Small area variations and welfare loss in the use of antibiotics in the community
This paper seeks to explain local variations in the use of antibiotics in the community and to assess the welfare loss due to heterogeneous attitudes towards the risk of bacterial infections and resistance. Significant differences are observed in the per capita antibiotic consumption measured in defined daily doses per 1000 inhabitants (DID) across small geographic areas in Switzerland. A model is proposed in which antibiotic use varies according to the socioeconomic characteristics of the population, the incidence of infections, antibiotic price and local supply of health care. Quarterly wholesales data on outpatient antibiotics in 2002 were obtained from IHA-IMS Market Research and combined with WHO standardized doses to obtain DID. The paper finds that the most important determinants of variations in outpatient antibiotics use in the community are income, demographic structure of the population and local supply and price of antibiotic treatment. We estimated that unexplained variations may account for 11% of the total antibiotic spending in the community, thus leading to a €6ml loss per year.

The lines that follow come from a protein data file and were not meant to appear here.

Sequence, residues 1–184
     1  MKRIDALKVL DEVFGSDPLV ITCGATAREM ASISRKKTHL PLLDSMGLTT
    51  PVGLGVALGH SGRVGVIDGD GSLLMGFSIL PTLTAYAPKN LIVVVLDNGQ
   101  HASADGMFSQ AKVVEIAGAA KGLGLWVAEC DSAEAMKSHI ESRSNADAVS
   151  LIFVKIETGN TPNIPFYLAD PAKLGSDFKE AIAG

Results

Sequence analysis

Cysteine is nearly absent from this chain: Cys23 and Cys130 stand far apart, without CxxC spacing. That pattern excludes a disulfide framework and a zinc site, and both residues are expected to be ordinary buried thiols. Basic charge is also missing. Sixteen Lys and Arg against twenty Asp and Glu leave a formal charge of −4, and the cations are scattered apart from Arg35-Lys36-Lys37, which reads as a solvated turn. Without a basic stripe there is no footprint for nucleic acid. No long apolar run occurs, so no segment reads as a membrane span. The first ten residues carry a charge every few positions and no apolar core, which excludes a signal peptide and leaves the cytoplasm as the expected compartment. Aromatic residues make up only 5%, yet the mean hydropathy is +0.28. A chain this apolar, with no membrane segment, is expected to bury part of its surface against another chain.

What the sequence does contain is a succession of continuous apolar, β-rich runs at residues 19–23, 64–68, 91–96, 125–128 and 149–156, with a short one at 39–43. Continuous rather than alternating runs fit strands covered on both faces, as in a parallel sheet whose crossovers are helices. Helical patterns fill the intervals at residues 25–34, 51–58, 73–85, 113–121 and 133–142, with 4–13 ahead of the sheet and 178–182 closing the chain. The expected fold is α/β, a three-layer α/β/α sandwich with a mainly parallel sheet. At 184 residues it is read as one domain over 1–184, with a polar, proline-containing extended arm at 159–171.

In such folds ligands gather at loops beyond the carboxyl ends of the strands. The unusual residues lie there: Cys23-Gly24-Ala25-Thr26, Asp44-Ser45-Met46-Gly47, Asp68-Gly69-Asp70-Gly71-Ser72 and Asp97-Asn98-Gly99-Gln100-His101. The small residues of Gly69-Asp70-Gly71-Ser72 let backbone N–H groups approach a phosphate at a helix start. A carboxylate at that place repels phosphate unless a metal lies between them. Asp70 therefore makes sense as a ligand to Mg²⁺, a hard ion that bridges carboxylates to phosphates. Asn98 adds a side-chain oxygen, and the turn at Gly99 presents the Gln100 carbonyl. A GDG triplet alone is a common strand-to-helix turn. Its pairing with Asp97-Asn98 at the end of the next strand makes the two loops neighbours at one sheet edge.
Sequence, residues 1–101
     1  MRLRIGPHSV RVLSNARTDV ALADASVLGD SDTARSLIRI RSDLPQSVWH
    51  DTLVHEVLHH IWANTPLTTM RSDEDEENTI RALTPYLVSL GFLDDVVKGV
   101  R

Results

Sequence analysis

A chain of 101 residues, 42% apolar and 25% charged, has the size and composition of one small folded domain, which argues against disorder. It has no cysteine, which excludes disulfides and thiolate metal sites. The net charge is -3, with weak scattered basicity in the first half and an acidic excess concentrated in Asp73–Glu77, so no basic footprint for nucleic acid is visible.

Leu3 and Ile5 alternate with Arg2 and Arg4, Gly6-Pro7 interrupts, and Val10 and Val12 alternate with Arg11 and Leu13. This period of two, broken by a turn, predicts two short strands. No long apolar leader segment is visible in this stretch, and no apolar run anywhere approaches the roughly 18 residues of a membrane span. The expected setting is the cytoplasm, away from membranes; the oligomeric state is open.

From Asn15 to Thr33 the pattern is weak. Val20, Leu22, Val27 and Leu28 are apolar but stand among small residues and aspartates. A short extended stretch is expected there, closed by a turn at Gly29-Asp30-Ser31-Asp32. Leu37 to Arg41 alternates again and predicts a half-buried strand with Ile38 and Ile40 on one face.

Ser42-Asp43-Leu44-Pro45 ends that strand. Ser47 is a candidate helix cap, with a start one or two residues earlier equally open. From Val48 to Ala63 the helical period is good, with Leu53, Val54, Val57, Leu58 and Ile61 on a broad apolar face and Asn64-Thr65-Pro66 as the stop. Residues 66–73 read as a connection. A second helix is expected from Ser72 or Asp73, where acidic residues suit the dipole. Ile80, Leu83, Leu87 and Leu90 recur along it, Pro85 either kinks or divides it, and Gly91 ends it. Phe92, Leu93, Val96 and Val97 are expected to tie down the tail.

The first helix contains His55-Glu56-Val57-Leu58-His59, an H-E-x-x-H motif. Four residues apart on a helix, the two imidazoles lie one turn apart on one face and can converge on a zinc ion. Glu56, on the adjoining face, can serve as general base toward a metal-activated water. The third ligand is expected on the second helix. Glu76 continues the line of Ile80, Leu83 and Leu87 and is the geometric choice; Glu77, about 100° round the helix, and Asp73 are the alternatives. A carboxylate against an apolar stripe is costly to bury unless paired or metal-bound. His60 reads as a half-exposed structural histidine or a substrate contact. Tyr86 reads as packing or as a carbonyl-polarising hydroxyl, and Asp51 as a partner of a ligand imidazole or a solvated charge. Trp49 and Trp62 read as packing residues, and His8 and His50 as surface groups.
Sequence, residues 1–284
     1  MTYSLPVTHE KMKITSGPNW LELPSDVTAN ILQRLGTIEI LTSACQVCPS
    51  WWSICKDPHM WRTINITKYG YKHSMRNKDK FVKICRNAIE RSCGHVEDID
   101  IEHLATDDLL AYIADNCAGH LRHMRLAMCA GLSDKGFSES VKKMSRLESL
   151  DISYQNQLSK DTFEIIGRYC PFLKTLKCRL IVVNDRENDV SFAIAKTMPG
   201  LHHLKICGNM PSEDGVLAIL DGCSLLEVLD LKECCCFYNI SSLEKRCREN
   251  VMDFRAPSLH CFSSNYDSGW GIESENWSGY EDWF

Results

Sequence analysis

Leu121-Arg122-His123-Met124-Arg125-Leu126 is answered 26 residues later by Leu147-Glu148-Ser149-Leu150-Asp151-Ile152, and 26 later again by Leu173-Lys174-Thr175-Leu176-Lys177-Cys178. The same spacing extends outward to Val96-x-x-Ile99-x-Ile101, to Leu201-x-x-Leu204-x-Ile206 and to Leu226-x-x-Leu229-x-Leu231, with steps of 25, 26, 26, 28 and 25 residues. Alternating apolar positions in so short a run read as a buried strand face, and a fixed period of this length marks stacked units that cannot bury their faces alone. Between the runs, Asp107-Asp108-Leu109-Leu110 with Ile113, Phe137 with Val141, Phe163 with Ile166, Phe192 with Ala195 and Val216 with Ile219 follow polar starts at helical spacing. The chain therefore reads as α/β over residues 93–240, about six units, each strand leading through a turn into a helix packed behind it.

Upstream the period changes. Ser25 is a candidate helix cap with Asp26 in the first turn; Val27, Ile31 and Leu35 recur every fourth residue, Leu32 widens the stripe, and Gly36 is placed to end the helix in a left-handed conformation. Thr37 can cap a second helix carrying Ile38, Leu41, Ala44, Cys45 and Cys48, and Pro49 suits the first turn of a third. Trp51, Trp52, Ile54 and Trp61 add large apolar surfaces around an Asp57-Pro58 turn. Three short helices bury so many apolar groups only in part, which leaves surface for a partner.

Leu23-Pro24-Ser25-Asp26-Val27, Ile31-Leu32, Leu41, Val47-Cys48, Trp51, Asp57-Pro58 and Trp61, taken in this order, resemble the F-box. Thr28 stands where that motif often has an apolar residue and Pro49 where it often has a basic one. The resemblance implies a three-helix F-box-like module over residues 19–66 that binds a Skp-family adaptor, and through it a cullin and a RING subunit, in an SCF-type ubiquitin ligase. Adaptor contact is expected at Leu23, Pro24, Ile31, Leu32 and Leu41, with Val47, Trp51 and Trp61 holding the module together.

|Date of creation:||Oct 2006|
|Contact details of provider:|| Web page: https://www.bul.sbu.usi.ch|
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